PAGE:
Me:  Of course I worry.  Frostbite is serious business.

Kiddo: Not for me. I’m part penguin. (grins)

It was that moment when I decided to let go of my worry (within reason) and I’m so glad I did. I watched from the window as a pack of tiny bodies waddled in the snow, flung snowballs with reckless abandon, and, generally speaking, behaved like a bunch of young penguins on an iceberg. My son-of-a-southerner flopped face first into a snowdrift, arms and legs flapping, and scooted across the front yard on his belly. Why? Who cares. It was fun.

Subsequent winters saw us with more snowball fights, snowmen named Jasper who liked jaunty caps, snow alligators, green with food coloring, towering forts and even a three-headed snow hydra.

So, now, I actually kind of look forward to the first big snowfall of winter. When the air is heavy and smells like ice, and you just know when you wake up the world will be clean and quiet with new snowfall. It seems no matter how old my kiddo gets, his face still lights up when he looks out the window at new snow. Maybe he is part penguin.

 

 

About extremes

 

I think it was near the end of fourth grade when my child started incorporating some of the Disney-channelisms into his everyday language.

Everything remotely good that happened, whether it was a bowl of cereal or a three-point basket became  “epic!”

On the other hand, if something didn’t quite work out – a stray dribble of ketchup from the bottle hit the dinner plate –  that was “so much fail.”

It’s all normal, I know.  Kids will pick up expressions from the playground, the classroom, YouTube, and that ilk. They try on different aspects of their personalities like  hats,  trying to see which ones feel the most comfortable.

Maybe it’s a generational thing, but an adjective like ‘epic’ doesn’t pair well with anything other than Homer’s Iliad.  Maybe Star Wars. The noun that follows a word like epic truly needs to demonstrate heroic substance and weight. With all due respect to Kevin Durant, I question whether the most beautifully-executed three-point shots truly qualify as epic. Nor does a simple misstep along the way to the trash bin equal devastating failure.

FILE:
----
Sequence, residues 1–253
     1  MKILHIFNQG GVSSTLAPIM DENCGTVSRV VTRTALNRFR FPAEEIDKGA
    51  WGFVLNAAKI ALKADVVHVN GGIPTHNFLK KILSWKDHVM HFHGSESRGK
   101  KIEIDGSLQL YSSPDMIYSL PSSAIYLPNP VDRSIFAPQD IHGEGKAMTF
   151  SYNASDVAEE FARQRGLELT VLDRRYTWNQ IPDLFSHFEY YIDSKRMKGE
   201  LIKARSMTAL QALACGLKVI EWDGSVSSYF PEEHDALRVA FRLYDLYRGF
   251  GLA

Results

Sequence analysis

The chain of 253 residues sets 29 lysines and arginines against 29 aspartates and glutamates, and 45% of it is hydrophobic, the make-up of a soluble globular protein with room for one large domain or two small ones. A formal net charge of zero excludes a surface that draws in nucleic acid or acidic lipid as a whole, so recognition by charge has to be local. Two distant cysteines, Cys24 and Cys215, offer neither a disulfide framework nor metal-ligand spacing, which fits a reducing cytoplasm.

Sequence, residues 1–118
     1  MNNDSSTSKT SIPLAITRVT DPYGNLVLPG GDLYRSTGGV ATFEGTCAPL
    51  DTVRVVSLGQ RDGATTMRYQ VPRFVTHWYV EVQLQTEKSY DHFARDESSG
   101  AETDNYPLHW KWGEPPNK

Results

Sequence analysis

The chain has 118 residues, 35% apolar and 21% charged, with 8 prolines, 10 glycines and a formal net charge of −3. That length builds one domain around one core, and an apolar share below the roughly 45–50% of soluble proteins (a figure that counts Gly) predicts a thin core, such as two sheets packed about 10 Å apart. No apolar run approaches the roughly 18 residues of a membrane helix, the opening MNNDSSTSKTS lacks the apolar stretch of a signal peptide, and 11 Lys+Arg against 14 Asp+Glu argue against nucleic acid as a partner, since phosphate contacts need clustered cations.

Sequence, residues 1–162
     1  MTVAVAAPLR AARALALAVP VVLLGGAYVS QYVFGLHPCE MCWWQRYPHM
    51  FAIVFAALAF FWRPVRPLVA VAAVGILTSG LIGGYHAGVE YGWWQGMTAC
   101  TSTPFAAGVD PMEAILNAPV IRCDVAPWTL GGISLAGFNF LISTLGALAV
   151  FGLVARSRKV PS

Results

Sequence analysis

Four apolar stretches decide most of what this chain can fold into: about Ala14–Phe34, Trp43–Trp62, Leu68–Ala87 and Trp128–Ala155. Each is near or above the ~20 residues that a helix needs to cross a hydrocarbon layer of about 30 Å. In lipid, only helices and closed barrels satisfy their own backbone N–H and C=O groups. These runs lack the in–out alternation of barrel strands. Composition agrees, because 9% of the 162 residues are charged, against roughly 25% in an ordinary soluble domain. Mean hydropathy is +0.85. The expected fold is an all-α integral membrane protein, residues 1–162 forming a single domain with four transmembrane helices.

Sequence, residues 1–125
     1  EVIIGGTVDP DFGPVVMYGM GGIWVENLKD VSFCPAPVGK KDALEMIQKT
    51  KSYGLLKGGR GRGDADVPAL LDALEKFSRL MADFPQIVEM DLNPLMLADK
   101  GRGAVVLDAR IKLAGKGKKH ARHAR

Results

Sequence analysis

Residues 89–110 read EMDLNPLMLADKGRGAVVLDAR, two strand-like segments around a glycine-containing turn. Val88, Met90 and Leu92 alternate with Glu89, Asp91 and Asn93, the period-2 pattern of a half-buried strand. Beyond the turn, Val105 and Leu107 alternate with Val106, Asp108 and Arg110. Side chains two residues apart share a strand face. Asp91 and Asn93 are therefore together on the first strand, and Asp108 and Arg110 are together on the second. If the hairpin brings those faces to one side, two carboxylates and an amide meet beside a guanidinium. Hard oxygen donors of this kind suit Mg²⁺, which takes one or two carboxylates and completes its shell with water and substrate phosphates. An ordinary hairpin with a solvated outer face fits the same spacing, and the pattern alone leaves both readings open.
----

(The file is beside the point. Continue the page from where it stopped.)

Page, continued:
For a while, I thought maybe these expressions were a byproduct of the hormonal roller-coaster known as puberty. And honestly, at our house, this is probably exactly what it is – a temporary step in the process of our kiddo growing up.

But it seems like everywhere you look, daily events are hyperbolized into life-changers of one extreme or another. I laughed out loud this morning at an advertisement for a cereal that proclaimed This. Is. Everything.  I had no idea honey-sweetened oats were so powerful.

bowl of cereal a.k.a. everything
Everything?

On the one hand, I am a big fan of celebrating everyday joys.  Doing a happy dance when I toss a wad of paper towels from the kitchen table to the trash bin *and make the basket.* My child and I singing at the top of our lungs in the car. Life’s too short to not celebrate whenever you can.

On the other hand, though, when everything is an extreme – either everything or nothing – we lose our ability to appreciate the vast majority of our lives that lie in between.

I think that’s a shame. All those in-between things, the everyday observations that would otherwise go unmentioned in the  novel of my life, are the daily simplicities that sustain us. Because it’s in those little things, my husband’s smile, my child’s yawn, my dog’s snore, those are the things that show me how near God really is all the time. And that, my friends, that is what’s really ‘epic.’

 

 

 

 

My Summer ‘To Read’ List

This year I was lucky enough to go to the Blue Ridge Christian Writers Conference and hear the fantastic Nancy Lohr speak about writing for children. One of the first things she asked the group was “who here has read a children’s book recently?” More than half of us raised our hands.

She was happy with our response, and told us that she’d spoken to a number of groups – writers’ groups – in which no one had read a children’s book in the past year, five years, ten years. How can you write in a genre you don’t read?